It seems like just yesterday when this intrepid booze writer was contacted by City Weekly's fearless editor and asked to assemble a comprehensive A-to-Z guide of all the goodly drinks action going down in Deseret. Now in its third year, this directory of delicious drinkables is a testament to how Zion's spirits culture has not only grown but is thriving with a capital T. No olive or maraschino cherry was left unturned in prepping this compendium, so hunker down with your favorite summertime drink and give it a go. If it's a truly immersive experience you're after, you might want to also crank up some tunes. In the spirit of so many retro '80s and '90s trends making a cocktail comeback, might we suggest you crank up C+C Music Factory's "Gonna Make You Sweat," and let the rhythm move you (get it?) on over to your neighborhood distillery, brewery or bar.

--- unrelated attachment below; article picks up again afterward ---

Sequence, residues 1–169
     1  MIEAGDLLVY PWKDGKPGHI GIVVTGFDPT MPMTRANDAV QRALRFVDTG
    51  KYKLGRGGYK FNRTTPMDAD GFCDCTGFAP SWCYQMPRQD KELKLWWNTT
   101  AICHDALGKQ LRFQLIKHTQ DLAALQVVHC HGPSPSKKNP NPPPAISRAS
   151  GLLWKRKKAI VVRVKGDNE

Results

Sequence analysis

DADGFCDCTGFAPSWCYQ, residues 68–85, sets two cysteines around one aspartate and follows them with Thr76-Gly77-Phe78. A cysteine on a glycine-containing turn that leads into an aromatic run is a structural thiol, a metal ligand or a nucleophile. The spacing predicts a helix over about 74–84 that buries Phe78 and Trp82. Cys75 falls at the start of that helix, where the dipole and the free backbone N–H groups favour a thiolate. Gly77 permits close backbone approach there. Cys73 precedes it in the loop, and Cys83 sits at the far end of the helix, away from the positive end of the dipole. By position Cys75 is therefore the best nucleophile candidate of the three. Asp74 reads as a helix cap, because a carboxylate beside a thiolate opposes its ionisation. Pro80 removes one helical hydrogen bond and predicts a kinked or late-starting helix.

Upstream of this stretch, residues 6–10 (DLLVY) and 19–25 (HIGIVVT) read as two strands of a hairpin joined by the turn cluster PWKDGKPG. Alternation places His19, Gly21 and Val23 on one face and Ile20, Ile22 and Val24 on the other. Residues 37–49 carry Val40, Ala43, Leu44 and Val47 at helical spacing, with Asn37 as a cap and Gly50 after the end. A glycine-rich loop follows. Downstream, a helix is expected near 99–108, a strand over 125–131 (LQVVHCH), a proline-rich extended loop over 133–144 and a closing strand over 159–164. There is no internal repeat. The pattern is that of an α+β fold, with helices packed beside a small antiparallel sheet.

Sing it with me:
Ev'rybody drink now!
A is for Agave
Spirits 101: More than 200 varieties of agave plants grow wild throughout Mexico and the Southwest, and alcoholic products from this species include, yes, tequila, but also mezcal, bacanora, raicilla, sotol and a lower-ABV fermented agave nectar beverage called pulque. Distinctively smoky mezcal can legally be made with a bunch of different agave options, however, only the Weber blue (agave tequilana) plant may be used to make tequila. And much like Champagne or Cognac in France must be made in those eponymous regions with specific varietals, authentic tequila can only be produced in a small area of Mexico centered around the state of Jalisco. For a local connection, try top-shelf premium brand VIDA Tequila (vidatequila.com), a company owned by Utah-based Lisa Barlow, who's a huge supporter of our craft-cocktail scene or, head up 50 miles north to Eden's New World Distillery (4795 E. 2600 North, Eden, 385-244-0144, newworlddistillery.com) and see how 100 percent agave spirits are fermented and distilled on site by artisans Chris and Ashley Cross to make their distinctive Rabbit and Grass Agave Spirit and (a rarity) agave-based vodka.